China’s Ban on Crypto Isn’t Hurting Bitcoin. Here’s Why.
The world’s most infamous crypto is taking the crackdown in stride.
The world’s most infamous crypto is taking the crackdown in stride.
China’s latest moves to ban cryptocurrency transactions are causing exchanges to shut down in the country, but Bitcoin and its counterparts appear to be taking the crackdown in stride.
Prices for Bitcoin and Ethereum, the two largest cryptos, have risen more than 7% and 15%, respectively, from their low points on Friday, when China’s new ban was published, according to Fundstrat Global Advisors.
Bitcoin was trading around $43,600 Monday morning, down slightly from before China’s announcement. Ethereum, at around $3,090, has also recouped losses since Friday’s sell-off took the coin down to $2,750.
Other cryptos fared even better over the weekend—notably the tokens used to process trades on decentralized exchanges, known as DEXes. Uniswap, Sushiswap, and dYdx, the tokens associated with those three venues, have surged more than 30% since Friday as activity on those platforms took off.
Trading on the dYdX DEX topped that on Coinbase Global (ticker: COIN) over the weekend, according to Fundstat, pushing the token’s price up 80%.
DEXes allow users to swap tokens with far more privacy and anonymity than a standard brokerage. Users may be able to set up accounts without providing their names or addresses, simply by registering a digital wallet that is associated with an IP address and security keys. Trading occurs automatically using software code and “smart contracts” between buyers and sellers, or lenders and borrowers.
China appears intent on shutting down commercial crypto transactions and trading in the country. The People’s Bank of China and other regulatory agencies warned citizens of stiff penalties if they were caught trading cryptos or related products.
One of the largest exchanges in China, Huobi Global, has stopped opening accounts for new customers in mainland China, effective this past Friday. It said on Sunday that it would “gradually retire” existing accounts by the end of the year.
Binance, another major exchange, has also suspended new accounts in China. It said Monday that users in Singapore wouldn’t be able to access its site for deposits or trading of cryptos, starting Oct 26., and that users in the country were advised to “cease all related trades, withdraw fiat assets and redeem tokens by Wednesday.”
Singapore’s central bank warned in early September that Binance may be violating payment regulations in the country.
Yet the crypto markets aren’t tanking, even as China and other countries in Asia move to restrict commercial transactions.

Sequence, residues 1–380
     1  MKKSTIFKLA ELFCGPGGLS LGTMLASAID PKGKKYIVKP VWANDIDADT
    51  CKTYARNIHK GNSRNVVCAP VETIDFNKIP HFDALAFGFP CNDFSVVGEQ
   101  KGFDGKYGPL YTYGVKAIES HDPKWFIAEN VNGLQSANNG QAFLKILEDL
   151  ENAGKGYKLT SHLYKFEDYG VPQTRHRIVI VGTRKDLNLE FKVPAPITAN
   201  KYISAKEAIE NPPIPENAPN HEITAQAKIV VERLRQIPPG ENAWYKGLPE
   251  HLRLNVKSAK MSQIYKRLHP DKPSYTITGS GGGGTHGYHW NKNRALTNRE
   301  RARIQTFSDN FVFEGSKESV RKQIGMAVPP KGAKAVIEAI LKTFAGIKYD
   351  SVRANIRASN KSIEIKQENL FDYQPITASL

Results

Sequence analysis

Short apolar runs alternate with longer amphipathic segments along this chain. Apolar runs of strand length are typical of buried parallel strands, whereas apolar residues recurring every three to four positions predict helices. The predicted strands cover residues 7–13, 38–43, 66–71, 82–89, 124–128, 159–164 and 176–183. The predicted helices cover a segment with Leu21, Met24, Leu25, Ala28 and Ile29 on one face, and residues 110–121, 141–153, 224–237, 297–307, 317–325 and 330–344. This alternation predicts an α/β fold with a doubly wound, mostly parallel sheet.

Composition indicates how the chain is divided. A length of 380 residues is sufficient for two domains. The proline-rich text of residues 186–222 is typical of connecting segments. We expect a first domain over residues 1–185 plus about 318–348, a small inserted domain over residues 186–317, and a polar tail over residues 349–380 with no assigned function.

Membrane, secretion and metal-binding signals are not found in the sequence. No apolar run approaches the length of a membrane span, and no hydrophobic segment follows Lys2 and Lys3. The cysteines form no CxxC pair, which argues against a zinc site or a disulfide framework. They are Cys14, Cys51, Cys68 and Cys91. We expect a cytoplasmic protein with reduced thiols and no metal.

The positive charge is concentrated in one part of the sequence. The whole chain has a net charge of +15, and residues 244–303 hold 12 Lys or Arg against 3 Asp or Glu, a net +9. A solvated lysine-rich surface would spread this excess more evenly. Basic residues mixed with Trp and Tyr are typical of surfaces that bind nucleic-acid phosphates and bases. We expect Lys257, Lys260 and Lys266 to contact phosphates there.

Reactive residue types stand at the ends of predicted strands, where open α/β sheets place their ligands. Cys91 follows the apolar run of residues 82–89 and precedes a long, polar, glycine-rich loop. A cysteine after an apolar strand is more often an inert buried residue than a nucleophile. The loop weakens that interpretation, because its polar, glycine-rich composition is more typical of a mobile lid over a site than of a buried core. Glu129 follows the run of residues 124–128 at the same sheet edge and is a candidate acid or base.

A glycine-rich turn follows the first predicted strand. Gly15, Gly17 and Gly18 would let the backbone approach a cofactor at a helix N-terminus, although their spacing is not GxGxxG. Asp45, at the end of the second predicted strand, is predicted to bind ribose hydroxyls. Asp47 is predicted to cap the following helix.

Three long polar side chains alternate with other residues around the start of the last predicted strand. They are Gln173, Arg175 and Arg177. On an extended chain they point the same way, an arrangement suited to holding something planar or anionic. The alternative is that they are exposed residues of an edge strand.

One explanation is that traders can migrate to DEXes where it may be harder for regulators to track transactions. Uniswap and other exchanges could be beneficiaries if trading volume moves to their platforms long-term.
As Fundstrat noted, moreover, much of the Bitcoin that has been mined, or produced, doesn’t circulate, and more of it may be kept offline. About 70% of all circulating Bitcoins is now held by long-term holders, up from 59% in May. “This indicates that ‘whales’ have continued buying into recent volatility,” Fundstrat said.
China has periodically tried to restrict crypto activity and Bitcoin has shrugged it off. Not including the latest crackdown, China has announced tough new measures on crypto six times since 2013. Bitcoin fell an average 4% in the week after the announcements but was up an average 46% a year later.
“The lesson here is that if you invest in crypto long enough, you start to develop a circadian-like rhythm in which you find yourself unsurprised by panic-selling initiated by seemingly routine ‘FUD’ released by the Chinese government,” Fundstrat wrote, referring to fear, uncertainty, and doubt.
Nonetheless, trading on DEX platforms isn’t as easy as it is on the major sites. It takes more technical skill than simply opening an account with a brokerage service and funding it through a bank account. Active crypto traders may not be deterred, but the casual investor may find it too cumbersome–and hardly worth the potential penalties in an authoritarian country like China.
The message from crypto markets now is that they don’t need China or its vast market of investors. Whether that lasts remains to be seen, especially if other countries follow in China’s path.
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Food prices continue to rise at a rapid pace, surprising central banks and pressuring debt-laden governments
LONDON—Fresh out of an energy crisis, Europeans are facing a food-price explosion that is changing diets and forcing consumers across the region to tighten their belts—literally.
This is happening even though inflation as a whole is falling thanks to lower energy prices, presenting a new policy challenge for governments that deployed billions in aid last year to keep businesses and households afloat through the worst energy crisis in decades.
New data on Wednesday showed inflation in the U.K. fell sharply in April as energy prices cooled, following a similar pattern around Europe and in the U.S. But food prices were 19.3% higher than a year earlier.
The continued surge in food prices has caught central bankers off guard and pressured governments that are still reeling from the cost of last year’s emergency support to come to the rescue. And it is pressuring household budgets that are also under strain from rising borrowing costs.